Forum for Science, Industry and Business

Sponsored by:     3M 
Search our Site:

 

Armour-plated fish and the evolution of dentists

08.01.2002


The discovery of small spikes lining the mouths of primitive fossil fish reveal surprising new details about how early animals fed. New research published today in a Royal Society paper sheds light on how teeth evolved.



Primitive fish did not have jaws or fins but were covered in rigid bony scales and resembled small armour-plated submarines. Dr Mark Purnell, a palaeontologist at the University of Leicester, has discovered that heterostracans, one of the most important groups of these early fish, had small spiky structures lining the inside edge of the mouth. These structures were made of hard dentine and were possibly the precursors of teeth as we know them today.

Only animals with backbones have true teeth, and the enamel and dentine of which they are made are the hardest materials in the body. ‘If you go looking for fossils of sharks, dinosaurs or any other vertebrate animal, you are more likely to find teeth than bones. Yet, surprisingly, mystery and uncertainty still surround the questions of when teeth first evolved and what they were used for,’ says Dr Purnell.


These new discoveries indicate that these early ‘teeth’ were not separated, individual structures but were modified from the armour plating that shielded the outside of the body. They had sharp points, cusps and ridges, but, unlike teeth, these points all faced forwards, and the fish could not have bitten or grabbed their food, or consumed anything but very small or soft items. This new evidence suggests that these early ‘teeth’ evolved not in a ferocious biting creature, but from the bony scales of a slime-slurping sucker.

Understanding how, when, and why animals first cut their teeth more than 400 million years ago is fundamental to understanding why the world around us is as it is. ‘Imagine a world without teeth – the history of life would certainly have taken a different course. Sharks would no longer be terrifying and dentists, more frightening to many people, would never have evolved,’ adds Dr Purnell.

Dr Mark Purnell | alphagalileo

More articles from Life Sciences:

nachricht 'Y' a protein unicorn might matter in glaucoma
23.10.2017 | Georgia Institute of Technology

nachricht Microfluidics probe 'cholesterol' of the oil industry
23.10.2017 | Rice University

All articles from Life Sciences >>>

The most recent press releases about innovation >>>

Die letzten 5 Focus-News des innovations-reports im Überblick:

Im Focus: Salmonella as a tumour medication

HZI researchers developed a bacterial strain that can be used in cancer therapy

Salmonellae are dangerous pathogens that enter the body via contaminated food and can cause severe infections. But these bacteria are also known to target...

Im Focus: Neutron star merger directly observed for the first time

University of Maryland researchers contribute to historic detection of gravitational waves and light created by event

On August 17, 2017, at 12:41:04 UTC, scientists made the first direct observation of a merger between two neutron stars--the dense, collapsed cores that remain...

Im Focus: Breaking: the first light from two neutron stars merging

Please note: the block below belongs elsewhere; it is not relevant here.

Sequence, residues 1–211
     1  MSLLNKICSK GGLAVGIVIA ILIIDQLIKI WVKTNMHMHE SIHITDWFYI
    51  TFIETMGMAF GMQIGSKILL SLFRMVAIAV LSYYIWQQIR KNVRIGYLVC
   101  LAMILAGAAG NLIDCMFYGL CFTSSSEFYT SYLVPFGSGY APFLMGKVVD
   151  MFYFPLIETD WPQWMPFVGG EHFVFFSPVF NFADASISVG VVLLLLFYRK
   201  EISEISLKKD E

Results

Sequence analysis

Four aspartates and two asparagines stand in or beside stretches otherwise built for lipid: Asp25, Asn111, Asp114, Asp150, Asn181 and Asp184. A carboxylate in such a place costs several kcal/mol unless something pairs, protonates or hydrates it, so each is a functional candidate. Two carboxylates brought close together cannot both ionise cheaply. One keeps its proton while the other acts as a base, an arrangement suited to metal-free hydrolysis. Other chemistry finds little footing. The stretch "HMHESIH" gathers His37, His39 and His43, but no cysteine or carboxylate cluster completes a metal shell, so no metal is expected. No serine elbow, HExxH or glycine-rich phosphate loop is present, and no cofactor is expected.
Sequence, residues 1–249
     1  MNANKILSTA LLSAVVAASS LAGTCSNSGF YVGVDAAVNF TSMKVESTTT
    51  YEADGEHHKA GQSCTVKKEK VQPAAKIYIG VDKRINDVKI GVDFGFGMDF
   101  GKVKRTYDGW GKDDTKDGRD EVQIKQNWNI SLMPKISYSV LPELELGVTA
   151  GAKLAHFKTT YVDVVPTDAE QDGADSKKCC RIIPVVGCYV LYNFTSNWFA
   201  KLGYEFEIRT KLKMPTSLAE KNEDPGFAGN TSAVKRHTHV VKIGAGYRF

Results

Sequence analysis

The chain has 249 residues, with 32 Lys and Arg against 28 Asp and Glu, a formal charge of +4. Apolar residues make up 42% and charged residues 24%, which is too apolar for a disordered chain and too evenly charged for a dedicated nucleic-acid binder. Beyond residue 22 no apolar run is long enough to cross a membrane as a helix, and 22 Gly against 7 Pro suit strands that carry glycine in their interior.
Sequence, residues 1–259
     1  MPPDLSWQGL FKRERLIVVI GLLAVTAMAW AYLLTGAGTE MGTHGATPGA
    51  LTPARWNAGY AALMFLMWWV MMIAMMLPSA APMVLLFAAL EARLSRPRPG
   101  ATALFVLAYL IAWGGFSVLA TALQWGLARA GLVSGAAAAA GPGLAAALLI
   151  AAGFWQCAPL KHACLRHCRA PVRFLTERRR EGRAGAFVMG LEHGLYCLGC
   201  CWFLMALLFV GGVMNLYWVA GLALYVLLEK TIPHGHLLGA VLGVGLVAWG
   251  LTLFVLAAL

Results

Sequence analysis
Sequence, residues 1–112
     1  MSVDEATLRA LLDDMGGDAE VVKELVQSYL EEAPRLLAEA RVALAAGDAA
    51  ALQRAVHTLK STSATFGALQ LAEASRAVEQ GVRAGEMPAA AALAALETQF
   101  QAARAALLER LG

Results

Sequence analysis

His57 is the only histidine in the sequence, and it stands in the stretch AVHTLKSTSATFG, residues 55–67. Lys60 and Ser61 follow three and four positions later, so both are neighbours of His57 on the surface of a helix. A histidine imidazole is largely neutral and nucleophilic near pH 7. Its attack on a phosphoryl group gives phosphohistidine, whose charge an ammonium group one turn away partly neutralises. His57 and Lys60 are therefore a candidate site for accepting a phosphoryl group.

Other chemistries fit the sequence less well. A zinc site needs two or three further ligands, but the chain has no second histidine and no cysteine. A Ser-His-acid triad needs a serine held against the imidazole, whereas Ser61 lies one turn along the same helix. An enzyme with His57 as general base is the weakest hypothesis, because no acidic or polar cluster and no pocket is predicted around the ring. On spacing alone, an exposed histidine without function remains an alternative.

Seven new papers describe the first-ever detection of light from a gravitational wave source. The event, caused by two neutron stars colliding and merging together, was dubbed GW170817 because it sent ripples through space-time that reached Earth on 2017 August 17. Around the world, hundreds of excited astronomers mobilized quickly and were able to observe the event using numerous telescopes, providing a wealth of new data.

Previous detections of gravitational waves have all involved the merger of two black holes, a feat that won the 2017 Nobel Prize in Physics earlier this month....

Im Focus: Smart sensors for efficient processes

Material defects in end products can quickly result in failures in many areas of industry, and have a massive impact on the safe use of their products. This is why, in the field of quality assurance, intelligent, nondestructive sensor systems play a key role. They allow testing components and parts in a rapid and cost-efficient manner without destroying the actual product or changing its surface. Experts from the Fraunhofer IZFP in Saarbrücken will be presenting two exhibits at the Blechexpo in Stuttgart from 7–10 November 2017 that allow fast, reliable, and automated characterization of materials and detection of defects (Hall 5, Booth 5306).

When quality testing uses time-consuming destructive test methods, it can result in enormous costs due to damaging or destroying the products. And given that...

Im Focus: Cold molecules on collision course

Using a new cooling technique MPQ scientists succeed at observing collisions in a dense beam of cold and slow dipolar molecules.

How do chemical reactions proceed at extremely low temperatures? The answer requires the investigation of molecular samples that are cold, dense, and slow at...

All Focus news of the innovation-report >>>

Anzeige

Anzeige

Event News

3rd Symposium on Driving Simulation

23.10.2017 | Event News

ASEAN Member States discuss the future role of renewable energy

17.10.2017 | Event News

World Health Summit 2017: International experts set the course for the future of Global Health

10.10.2017 | Event News

 
Latest News

Microfluidics probe 'cholesterol' of the oil industry

23.10.2017 | Life Sciences

Gamma rays will reach beyond the limits of light

23.10.2017 | Physics and Astronomy

The end of pneumonia? New vaccine offers hope

23.10.2017 | Health and Medicine

VideoLinks
B2B-VideoLinks
More VideoLinks >>>